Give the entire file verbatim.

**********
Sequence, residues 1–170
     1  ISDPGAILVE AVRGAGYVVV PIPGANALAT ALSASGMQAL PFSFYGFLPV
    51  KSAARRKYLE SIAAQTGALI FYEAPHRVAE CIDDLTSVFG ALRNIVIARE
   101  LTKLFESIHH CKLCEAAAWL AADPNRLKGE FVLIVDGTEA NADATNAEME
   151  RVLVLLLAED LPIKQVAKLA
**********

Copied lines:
Sequence, residues 1–170
     1  ISDPGAILVE AVRGAGYVVV PIPGANALAT ALSASGMQAL PFSFYGFLPV
    51  KSAARRKYLE SIAAQTGALI FYEAPHRVAE CIDDLTSVFG ALRNIVIARE
   101  LTKLFESIHH CKLCEAAAWL AADPNRLKGE FVLIVDGTEA NADATNAEME
   151  RVLVLLLAED LPIKQVAKLA